"Alive and well and the architect of a new JPL and Los Alamos," Delphi explained. "He's the one who rebuilt the labs on their former sites. He also helped build a few hospitals and schools. Became a teacher at one of the rebuilt universities, was involved in a lot of different types of research... basically, he had a lot of scientific fun after the wars."
Collier looked at all three of them, no emotion showing on her face. "Did Captain Power and Corporal Chase specifically have a change?"
The three scientists smiled and nodded.
"Does that mean that a new mitochondrial DNA line has been added to our genetic base in this timeline? One that can track part of its origins back to a certain pilot and captain of a particular Resistance team in the Badderdays?"
"Five new lines since they had five kids. The youngest two were twins, boy and a girl," Pitcairn muttered. "Gotta love a happy ending, ma'am."
Collier stepped forward, looked Pitcairn up and down, and then extended her hand. "Good job, Doctor Pitcairn. This is one time that insubordination, unapproved time manipulation, and willful acting produced the positive result." Then, she pulled Pitcairn closer and said in a very low, very menacing voice. "Do something like that again, and I'll have your job."
"You wouldn't want it, ma'am. You'd have to work with Delphi, and she's no fun if we run out of coffee," he said jokingly. When Collier didn't smile, Elias said, "Understood, ma'am. Won't happen again."
"For some reason, I doubt that," Collier explained. "I wouldn't expect anything less than unapproved actions from any of you, not after this incident." She then held up a file. "And you might like to know that some anonymous someone sent us a file with information on Doctor William Custer who's really Byron Micklon."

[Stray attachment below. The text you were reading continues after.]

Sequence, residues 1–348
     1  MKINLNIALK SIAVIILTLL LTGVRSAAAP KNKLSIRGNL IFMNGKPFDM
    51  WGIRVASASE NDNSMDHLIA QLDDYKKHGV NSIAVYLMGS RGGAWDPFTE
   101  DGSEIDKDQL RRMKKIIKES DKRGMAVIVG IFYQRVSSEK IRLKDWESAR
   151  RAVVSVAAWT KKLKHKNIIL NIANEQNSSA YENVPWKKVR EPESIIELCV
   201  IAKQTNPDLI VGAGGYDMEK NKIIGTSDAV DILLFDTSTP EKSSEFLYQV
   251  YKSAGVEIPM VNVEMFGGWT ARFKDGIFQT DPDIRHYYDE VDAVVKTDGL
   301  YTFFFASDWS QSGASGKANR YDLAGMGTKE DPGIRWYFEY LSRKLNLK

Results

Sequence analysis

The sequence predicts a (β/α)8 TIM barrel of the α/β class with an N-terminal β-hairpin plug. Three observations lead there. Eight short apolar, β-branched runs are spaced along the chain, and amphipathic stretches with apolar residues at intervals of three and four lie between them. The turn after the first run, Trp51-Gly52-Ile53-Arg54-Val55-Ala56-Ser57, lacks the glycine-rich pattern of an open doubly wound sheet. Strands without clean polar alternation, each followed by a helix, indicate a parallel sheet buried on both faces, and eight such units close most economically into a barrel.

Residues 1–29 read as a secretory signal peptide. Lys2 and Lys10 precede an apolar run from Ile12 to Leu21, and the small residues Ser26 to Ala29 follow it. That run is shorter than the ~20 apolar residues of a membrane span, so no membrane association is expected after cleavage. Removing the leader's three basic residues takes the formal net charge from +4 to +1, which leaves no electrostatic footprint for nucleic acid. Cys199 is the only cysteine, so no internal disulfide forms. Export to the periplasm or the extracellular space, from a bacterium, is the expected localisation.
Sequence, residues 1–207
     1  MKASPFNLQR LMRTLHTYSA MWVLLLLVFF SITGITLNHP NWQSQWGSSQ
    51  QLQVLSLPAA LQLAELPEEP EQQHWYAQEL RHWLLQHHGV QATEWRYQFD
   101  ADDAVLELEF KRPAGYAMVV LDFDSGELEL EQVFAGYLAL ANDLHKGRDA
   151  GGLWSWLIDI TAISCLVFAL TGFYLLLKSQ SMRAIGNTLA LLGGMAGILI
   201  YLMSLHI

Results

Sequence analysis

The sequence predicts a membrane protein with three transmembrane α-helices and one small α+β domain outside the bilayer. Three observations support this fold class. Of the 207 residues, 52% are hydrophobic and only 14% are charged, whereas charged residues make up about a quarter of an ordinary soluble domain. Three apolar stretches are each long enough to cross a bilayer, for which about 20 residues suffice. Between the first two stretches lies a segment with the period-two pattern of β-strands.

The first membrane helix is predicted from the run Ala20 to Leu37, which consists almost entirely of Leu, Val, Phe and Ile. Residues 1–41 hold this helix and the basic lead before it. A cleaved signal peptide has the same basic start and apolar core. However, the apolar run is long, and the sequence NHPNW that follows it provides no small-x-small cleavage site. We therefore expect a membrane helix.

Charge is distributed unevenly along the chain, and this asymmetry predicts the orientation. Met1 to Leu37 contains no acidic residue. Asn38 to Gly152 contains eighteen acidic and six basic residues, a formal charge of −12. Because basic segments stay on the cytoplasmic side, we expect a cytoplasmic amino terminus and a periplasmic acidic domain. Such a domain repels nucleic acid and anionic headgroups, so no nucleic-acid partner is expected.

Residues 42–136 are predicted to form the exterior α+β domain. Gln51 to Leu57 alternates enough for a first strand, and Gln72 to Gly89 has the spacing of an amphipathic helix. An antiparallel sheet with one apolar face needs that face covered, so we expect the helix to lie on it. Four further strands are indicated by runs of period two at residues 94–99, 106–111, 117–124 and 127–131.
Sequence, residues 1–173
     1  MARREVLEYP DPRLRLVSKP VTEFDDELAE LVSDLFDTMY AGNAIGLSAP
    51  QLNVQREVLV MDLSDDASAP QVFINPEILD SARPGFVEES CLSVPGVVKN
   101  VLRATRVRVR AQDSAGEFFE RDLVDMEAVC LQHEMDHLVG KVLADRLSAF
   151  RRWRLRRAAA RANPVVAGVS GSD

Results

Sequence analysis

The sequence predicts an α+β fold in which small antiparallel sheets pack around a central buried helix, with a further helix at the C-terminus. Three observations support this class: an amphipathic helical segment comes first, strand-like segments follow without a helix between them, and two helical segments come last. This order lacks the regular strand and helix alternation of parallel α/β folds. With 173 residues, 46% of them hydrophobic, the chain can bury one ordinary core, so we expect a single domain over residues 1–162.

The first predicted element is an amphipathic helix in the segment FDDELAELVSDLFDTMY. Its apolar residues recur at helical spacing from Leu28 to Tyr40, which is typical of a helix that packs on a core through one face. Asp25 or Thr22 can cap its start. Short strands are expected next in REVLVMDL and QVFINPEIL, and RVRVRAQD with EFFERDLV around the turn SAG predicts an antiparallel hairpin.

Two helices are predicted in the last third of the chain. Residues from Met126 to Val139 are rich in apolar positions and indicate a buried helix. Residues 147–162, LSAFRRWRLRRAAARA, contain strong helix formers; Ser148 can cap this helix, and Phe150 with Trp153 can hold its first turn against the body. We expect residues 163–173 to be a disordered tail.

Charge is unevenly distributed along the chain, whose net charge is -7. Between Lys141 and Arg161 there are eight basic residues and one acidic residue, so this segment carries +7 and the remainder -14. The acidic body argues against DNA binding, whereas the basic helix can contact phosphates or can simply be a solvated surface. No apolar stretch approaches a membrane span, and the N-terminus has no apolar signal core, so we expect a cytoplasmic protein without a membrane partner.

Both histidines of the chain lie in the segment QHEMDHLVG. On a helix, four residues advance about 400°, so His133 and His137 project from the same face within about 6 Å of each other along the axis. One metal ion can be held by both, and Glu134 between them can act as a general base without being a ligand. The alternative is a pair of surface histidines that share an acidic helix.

"Anonymous? But ma'am, uh -"
"Anonymous," Collier repeated, her voice leaving no room for any other interpretation. "It was an anonymous source that left the information that Custer was behind this mess in order to get the Taggarts back in power. In fact," Collier continued, "once it was determined that DNA logs had to be accessed to get the information on Custer, and DNA logs are restricted to medical personnel only, it would not be good for this person's career if it's proven that this information was obtained by someone not in the medical profession, correct?"
All three scientists remained silent but they nodded their heads.
Collier just smiled. "Well, whoever the anonymous individual was, I'm sure they'll be happy to know that William Custer, a.k.a. Byron Micklon, has been taken into custody and is facing temporal disruption charges as well as attempted murder charges and records tampering. That's a long stretch in prison. A more thorough investigation into our hiring practices and verification procedures will be necessary, and I will need your assistance on that, Doctor Pitcairn. You seem to be quite good at getting around computer systems. Oh, and there'll be no need for anyone in this room that's not on the Council to mention Custer or the name Micklon again. If you take my meaning."
They understood what she was saying in crystal clear letters.
Collier turned to leave but turned back. She looked at them all with a strange expression on her face.